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Implications of self-reported cognitive and motor dysfunction in HIV- positive patients
Am J Psychiatry 1991;148:641-643.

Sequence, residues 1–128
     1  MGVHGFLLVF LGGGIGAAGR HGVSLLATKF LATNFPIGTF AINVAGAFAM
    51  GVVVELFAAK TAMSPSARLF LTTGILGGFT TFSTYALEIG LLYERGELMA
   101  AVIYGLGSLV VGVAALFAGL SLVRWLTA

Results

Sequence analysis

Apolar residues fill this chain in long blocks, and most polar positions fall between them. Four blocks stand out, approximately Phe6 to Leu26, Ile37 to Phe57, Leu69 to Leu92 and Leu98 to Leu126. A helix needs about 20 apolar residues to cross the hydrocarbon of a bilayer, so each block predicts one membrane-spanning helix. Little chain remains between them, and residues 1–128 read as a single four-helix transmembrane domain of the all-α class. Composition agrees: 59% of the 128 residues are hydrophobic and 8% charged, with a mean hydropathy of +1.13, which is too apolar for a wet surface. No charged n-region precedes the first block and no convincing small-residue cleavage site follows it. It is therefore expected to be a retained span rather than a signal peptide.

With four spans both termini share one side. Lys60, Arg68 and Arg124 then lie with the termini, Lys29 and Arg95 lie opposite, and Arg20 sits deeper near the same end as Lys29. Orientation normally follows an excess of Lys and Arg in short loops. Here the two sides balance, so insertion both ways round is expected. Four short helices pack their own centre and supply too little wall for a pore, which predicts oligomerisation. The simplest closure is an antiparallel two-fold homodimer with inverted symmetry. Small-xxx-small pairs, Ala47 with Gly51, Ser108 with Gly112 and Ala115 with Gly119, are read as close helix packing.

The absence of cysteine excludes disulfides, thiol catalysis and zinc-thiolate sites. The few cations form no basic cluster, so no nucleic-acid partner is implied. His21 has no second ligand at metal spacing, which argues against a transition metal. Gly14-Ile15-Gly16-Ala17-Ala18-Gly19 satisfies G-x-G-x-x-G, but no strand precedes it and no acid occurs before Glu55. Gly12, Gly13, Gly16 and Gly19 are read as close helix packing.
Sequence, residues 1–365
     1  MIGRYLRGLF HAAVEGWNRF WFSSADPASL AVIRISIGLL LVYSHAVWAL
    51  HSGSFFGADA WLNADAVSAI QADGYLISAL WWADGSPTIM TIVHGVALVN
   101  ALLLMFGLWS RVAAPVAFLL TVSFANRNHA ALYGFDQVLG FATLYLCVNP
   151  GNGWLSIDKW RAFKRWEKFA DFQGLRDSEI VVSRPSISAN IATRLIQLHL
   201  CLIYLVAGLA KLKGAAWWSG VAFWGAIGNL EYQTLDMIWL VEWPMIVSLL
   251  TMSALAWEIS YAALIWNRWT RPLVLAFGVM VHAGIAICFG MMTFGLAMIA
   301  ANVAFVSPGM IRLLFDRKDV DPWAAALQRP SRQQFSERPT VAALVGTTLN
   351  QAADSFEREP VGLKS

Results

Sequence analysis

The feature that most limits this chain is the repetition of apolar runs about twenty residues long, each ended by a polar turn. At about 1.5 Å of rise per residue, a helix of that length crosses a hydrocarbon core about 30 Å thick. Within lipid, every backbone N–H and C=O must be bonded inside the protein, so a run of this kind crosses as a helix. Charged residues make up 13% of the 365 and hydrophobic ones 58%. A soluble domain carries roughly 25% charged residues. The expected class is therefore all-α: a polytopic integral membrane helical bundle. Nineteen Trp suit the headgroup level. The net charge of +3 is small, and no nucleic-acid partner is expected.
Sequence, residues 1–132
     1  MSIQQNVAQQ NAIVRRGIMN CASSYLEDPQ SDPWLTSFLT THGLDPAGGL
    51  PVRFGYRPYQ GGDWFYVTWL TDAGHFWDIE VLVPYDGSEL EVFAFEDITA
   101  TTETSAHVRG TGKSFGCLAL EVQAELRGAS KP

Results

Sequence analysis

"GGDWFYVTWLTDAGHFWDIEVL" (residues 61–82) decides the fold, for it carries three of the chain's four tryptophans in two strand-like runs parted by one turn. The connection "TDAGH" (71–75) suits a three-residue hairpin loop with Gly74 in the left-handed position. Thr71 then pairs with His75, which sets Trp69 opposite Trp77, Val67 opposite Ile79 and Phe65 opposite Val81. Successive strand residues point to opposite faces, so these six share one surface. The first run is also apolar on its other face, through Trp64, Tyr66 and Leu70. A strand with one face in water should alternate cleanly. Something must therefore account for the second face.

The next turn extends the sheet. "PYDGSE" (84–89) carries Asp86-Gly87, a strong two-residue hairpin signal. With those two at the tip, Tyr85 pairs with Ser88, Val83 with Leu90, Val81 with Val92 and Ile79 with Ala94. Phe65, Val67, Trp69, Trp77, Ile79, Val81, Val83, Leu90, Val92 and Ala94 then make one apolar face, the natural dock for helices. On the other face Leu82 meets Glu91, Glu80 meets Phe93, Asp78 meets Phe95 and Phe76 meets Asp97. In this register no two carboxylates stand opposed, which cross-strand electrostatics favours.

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OBJECTIVE: The authors examined HIV-positive subjects to determine the relationship of patient complaints of cognitive and motor dysfunction to psychiatric status and performance on established cognitive and motor function tests. METHOD: HIV-positive volunteers (N = 77) were evaluated at entry into a longitudinal neurological study. Forty were asymptomatic, 29 had AIDS-related complex, and eight had AIDS. The subjects were not selected for the presence or absence of cognitive or motor complaints. Complaints of cognitive and motor dysfunction were assessed with items from the AIDS Clinical Trials Group Macro Neurologic Exam. Current depression and anxiety were assessed with the Profile of Mood States. Psychiatric status was assessed with the NIMH Diagnostic Interview Schedule, a structured interview that provides DSM- III psychiatric diagnoses. Actual cognitive and motor performance was measured with standard neuropsychological tests known to be sensitive to the effects of HIV. RESULTS: Cognitive complaints were found in 38 (49%) of the subjects. These complaints were associated with psychiatric symptoms but not with cognitive performance. Motor complaints, found in 12 (16%) of the subjects, were associated with poorer motor performance but not with psychiatric symptoms. The overall frequency of psychiatric diagnosis was high. CONCLUSIONS: Self-reports of cognitive and motor dysfunction were common in this unselected group and are of concern to health care providers. Potentially treatable psychiatric conditions were also common, particularly in subjects with cognitive complaints, and appropriate treatment referrals are indicated. Patients who report motor dysfunction should be neurologically evaluated for treatable causes.

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